• In February 2005, the center will convene the Sixth meeting of the representatives of universities, public educational sectors and heads of the Chambers of Commerce and Industries of the member states of the Arab Bureau of Education for the Gulf States. In March, the center will hold a conference in collaboration with the IMD about management in the Gulf region. Another symposium on Iraq will be held under the title "Iraq and the Neighboring Countries: Reciprocal Visions" marking the second anniversary of the invasion and occupation of Iraq. In April, the GRC will hold the Second Annual Social Sciences and Humanities Forum on the E-education in the GCC countries. In April 2005, the Center will hold a workshop on the myriad developments in Iraq and its geographical neighborhood marking the second year after the invasion and occupation of Iraq. Likewise, the Center’s events agenda includes a symposium that will be devoted to the discussion of the problems and challenges confronting centers of research and studies in the Gulf region and the ways existing problems could be solved.
Ladies & gentlemen,
As the Gulf Yearbook assumes undeniable importance in the field of specialized Gulf studies, the Center strives assiduously to develop the Yearbook into a key channel of communication and interaction amongst Arab scholars specialized in the affairs of the Gulf region and their peer non-Arab scholars. The Yearbook therefore includes contributions by Arab as well as non-Arab scholars and experts drawn notably from the US, some European countries, India, China, Japan, Turkey, Iran and others.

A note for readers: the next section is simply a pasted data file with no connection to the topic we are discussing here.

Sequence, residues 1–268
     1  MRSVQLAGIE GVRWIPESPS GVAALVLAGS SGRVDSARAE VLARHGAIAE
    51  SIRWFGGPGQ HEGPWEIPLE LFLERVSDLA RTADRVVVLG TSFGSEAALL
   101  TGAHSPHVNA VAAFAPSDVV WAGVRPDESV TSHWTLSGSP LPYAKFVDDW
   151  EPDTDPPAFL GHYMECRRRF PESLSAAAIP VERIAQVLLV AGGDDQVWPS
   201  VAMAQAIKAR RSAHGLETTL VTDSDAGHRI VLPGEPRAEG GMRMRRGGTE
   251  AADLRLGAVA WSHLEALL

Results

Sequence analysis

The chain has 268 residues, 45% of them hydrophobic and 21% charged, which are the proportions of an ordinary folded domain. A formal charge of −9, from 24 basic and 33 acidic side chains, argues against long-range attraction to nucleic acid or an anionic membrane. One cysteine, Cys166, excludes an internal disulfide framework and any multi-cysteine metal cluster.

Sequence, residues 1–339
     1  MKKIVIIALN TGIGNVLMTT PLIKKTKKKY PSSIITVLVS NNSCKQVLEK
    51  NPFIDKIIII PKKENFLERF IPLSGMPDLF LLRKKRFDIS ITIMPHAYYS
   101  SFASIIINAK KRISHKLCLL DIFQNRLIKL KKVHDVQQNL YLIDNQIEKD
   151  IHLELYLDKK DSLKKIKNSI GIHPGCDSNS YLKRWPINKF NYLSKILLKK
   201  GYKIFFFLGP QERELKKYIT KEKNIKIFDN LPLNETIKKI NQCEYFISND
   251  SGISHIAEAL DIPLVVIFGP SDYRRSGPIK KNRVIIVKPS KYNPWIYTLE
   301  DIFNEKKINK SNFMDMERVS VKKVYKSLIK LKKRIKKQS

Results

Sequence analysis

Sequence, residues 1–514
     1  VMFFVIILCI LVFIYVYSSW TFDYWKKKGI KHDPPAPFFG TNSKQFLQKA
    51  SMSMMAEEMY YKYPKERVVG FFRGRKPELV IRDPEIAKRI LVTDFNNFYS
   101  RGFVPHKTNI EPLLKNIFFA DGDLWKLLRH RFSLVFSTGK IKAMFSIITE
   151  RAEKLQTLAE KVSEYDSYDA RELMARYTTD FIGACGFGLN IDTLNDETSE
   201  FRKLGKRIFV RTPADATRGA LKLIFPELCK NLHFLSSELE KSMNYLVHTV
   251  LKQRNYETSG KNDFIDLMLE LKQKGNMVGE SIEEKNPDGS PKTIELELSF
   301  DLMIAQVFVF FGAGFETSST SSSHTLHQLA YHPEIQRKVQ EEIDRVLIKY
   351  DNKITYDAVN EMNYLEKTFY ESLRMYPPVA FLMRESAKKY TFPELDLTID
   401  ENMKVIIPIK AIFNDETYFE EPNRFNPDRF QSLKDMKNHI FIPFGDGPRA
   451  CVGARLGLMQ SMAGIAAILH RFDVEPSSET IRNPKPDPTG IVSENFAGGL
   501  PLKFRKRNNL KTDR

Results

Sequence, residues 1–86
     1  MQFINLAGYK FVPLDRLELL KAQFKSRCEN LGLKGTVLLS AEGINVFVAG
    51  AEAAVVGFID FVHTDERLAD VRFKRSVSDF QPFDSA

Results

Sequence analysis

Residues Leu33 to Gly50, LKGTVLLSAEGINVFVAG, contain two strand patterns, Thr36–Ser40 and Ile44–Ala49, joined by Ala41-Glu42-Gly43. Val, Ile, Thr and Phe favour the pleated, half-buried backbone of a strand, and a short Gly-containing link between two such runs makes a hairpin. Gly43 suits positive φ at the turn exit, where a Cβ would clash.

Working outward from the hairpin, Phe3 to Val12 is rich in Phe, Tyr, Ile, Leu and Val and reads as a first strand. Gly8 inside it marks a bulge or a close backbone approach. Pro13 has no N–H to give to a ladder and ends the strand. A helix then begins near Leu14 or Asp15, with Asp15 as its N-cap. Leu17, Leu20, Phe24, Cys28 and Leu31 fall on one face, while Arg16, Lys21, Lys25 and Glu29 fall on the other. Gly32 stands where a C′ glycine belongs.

In this regard, I would like to extend my sincere thanks and gratitude to the distinguished panel of experts and scholars who made such valuable contributions to this Yearbook, both in-house researchers and outside experts who form part of the Center’s extensive network of academics who contribute to our work. All contributions, I should emphasize, are marked by their high degree of academic excellence and intellectual rigor. The GRC Yearbook could not have been successfully completed without these valuable contributions.
My warmest thanks go to the professors, experts, scholars and translators who have contributed to editing, translating and proof-reading of the Yearbook. Each one of them, without exception, has conducted his or her job with professionalism and dedication. Thanks to their concerted efforts, the GRC is able today to publish the Gulf Yearbook 2004 on schedule.
I should also thank the various governmental and non-governmental organizations and departments that never once hesitated to offer (and continue to offer) their encouragement to the GRC. I express my special thanks to the Secretariat-General of the Gulf Cooperation Council. I also thank the scholars, experts and students who have come forward with positive feedback on the first “Gulf Yearbook 2003” placing upon our shoulders an even greater responsibility to continue improving the Yearbook until it is on a par with the